Poison Sleep by T.A. Pratt
reviewed by Nathan Brazil
There's a problem at the Blackwing Institute. This is a kind of Azkaban
for grown ups, where psychologically disturbed sorcerers -- some criminal some
just ill -- are kept away from society. One of the patients is a
woman called Genevieve, who has the ability to reweave reality according
to her whim. She is not a criminal, but rather a rape victim, whose
trauma has made her unstable, and therefore highly dangerous. Genevieve
has been mostly catatonic for 15 years, until a failed attempt to break
out one of the real criminals, accidentally caused her to wake.
The Queen's Bastard by C.E. Murphy
reviewed by Tammy Moore
From the moment of her birth, Belinda Primrose has been a dangerous secret. Born the bastard daughter of Lorraine Walter,
the Virgin Queen of Auron, her very existence was a threat to her mother's crown; a state secret known only to Lorraine
and to Robert Drake, Belinda's father. Twenty years later, she is the Queen's most loyal assassin, killing on her spy-master
father's word and in her mother's name.
Subterranean: Tales of Dark Fantasy edited by William Schafer
reviewed by John Berlyne
This short but very tidy anthology initially seems something of a hodgepodge. Used as we are to themed
anthologies, the title here is loose and generic enough to capture virtually any kind of genre story that has something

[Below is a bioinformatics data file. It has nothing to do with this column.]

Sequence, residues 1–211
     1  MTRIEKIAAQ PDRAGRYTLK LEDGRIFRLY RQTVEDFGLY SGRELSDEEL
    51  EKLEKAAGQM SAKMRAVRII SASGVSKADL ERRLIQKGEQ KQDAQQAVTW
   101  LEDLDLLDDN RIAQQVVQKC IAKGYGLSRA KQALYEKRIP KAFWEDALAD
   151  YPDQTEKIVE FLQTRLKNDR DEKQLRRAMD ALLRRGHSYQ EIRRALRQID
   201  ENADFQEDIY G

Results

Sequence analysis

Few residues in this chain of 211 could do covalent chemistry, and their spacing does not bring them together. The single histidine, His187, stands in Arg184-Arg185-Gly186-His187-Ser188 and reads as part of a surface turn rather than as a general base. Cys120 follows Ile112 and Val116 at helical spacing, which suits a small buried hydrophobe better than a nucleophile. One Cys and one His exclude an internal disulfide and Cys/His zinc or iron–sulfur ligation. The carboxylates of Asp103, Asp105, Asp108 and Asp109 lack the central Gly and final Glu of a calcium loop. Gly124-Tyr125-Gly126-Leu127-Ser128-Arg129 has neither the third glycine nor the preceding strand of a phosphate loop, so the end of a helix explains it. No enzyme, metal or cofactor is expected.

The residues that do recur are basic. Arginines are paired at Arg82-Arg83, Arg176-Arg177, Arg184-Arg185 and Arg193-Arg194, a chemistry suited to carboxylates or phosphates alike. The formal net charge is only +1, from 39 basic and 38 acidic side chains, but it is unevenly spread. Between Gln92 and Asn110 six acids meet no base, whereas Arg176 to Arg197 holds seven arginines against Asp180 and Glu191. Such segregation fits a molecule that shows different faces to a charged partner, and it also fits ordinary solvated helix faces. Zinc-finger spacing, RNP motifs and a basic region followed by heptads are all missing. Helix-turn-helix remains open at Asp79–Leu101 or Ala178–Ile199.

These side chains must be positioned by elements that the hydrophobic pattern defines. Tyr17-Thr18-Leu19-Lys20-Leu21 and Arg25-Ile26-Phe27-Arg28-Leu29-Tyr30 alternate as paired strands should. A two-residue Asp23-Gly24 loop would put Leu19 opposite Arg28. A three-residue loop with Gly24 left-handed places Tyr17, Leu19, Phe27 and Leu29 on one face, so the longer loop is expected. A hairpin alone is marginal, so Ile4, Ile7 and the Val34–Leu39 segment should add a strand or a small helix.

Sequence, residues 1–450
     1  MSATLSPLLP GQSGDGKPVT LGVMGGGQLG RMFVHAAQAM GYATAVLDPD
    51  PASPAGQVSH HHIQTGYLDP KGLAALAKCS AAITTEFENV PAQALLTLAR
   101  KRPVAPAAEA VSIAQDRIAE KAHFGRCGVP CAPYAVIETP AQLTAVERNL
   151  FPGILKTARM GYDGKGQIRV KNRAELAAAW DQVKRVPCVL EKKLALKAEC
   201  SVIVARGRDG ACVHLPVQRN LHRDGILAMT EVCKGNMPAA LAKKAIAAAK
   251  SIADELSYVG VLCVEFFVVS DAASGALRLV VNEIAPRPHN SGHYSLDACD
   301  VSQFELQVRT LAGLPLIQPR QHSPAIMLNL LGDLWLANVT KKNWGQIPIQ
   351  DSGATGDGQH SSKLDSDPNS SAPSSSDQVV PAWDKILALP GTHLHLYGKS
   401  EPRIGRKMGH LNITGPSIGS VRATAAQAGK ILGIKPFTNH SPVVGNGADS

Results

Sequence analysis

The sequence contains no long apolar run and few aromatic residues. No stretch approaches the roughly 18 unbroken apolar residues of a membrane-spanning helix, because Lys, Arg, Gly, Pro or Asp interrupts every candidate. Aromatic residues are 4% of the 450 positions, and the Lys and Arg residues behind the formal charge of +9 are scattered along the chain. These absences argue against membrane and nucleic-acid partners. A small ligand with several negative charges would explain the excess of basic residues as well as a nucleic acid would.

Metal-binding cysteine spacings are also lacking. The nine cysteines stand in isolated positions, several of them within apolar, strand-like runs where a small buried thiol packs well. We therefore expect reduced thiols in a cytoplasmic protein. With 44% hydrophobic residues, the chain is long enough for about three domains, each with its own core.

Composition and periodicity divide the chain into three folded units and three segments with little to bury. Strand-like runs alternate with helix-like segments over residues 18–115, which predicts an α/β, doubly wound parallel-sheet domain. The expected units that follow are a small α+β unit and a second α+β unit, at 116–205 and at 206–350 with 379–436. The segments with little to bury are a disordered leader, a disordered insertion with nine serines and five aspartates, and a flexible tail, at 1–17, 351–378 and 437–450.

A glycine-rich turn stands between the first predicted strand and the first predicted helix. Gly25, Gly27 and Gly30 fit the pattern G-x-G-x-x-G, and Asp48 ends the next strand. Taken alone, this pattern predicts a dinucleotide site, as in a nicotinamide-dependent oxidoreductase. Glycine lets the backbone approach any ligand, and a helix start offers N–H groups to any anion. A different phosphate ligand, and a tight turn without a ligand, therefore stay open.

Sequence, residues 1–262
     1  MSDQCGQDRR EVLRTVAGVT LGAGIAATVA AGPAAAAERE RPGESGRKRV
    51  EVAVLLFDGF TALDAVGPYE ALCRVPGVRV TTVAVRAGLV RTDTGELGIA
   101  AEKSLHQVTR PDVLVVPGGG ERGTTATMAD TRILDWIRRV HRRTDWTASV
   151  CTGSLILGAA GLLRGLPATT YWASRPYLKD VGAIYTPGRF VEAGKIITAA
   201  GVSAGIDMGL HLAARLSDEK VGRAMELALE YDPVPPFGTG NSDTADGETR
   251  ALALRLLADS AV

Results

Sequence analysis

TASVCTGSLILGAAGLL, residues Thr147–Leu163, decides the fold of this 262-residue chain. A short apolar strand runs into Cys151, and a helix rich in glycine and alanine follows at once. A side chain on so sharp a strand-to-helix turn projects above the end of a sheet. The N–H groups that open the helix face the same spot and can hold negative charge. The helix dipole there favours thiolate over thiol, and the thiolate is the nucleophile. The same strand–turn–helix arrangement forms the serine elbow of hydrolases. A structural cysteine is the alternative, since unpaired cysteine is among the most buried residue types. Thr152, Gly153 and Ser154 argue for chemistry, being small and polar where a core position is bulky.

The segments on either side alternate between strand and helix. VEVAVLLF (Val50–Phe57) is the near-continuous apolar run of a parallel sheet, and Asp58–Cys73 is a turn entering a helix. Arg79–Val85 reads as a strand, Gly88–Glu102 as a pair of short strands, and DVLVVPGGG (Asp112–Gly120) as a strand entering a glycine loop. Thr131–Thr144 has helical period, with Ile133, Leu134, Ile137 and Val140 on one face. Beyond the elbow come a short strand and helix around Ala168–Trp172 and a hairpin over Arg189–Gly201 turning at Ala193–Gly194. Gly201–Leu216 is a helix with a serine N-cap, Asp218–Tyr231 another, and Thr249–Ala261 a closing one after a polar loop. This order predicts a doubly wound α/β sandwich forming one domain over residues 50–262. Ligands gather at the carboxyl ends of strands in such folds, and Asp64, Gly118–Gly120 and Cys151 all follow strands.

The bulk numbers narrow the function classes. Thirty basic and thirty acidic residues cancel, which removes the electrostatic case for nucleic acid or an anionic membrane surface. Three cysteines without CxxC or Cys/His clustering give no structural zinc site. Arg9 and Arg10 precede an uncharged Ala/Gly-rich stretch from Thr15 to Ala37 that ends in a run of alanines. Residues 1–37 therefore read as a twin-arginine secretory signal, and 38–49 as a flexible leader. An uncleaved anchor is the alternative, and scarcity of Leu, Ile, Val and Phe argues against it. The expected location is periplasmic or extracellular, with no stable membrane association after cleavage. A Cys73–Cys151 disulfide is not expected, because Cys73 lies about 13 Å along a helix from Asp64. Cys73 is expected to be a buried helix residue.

strange in it. As such, it is indeed an eclectic mix of works, but it is the consistent
excellence of the material that gives this collection its cohesion as much as the fantasy content of the stories.
a column by Rick Klaw and Mark London Williams
An essential aspect of comics since almost the beginning of the medium, the first all horror
anthology, the one-shot Eerie Comics (Avon), appeared
in 1947 with six stories including early work from art pioneer Joe Kubert. The following year,
B&I Publishing (later known as American Comics Group) published Adventures into
The Unknown, the first ongoing horror title. Featuring primarily ghost stories,
the series ran for 174 issues for over twenty years. Rick Klaw says that both of these titles later seemed
tame in terms of violence, gore, and content when compared to the emerging the EC line
of terror tales, the first great horror comic books.
Dragon and Liberator by Timothy Zahn
reviewed by Rich Horton
This is the final book in the author's YA series of adventures about Jack Morgan and his alien
companion Draycos. Draycos and his people are refugees from another galaxy, with
the unusual ability to become two-dimensional and be sort of a tattoo on appropriate hosts -- which, fortunately,
humans are. Draycos' people, the K'Da, are fleeing maximally evil aliens, the Valahgua.
Love in the Time of Fridges by Tim Scott
reviewed by John Enzinas
Huckleberry Lindbergh is an ex-Cop who returns to New Seattle after an 8-year self-imposed exile following the death of his wife.
Thanks to a random police stop, Huck is pulled into a plot to liberate a group of fridges and take them to freedom in
Mexico. Soon he is on the run from the police, the Fridge Patrol and New Seattle Health and Safety.
The Year's Best Fantasy and Horror
compiled by Rodger Turner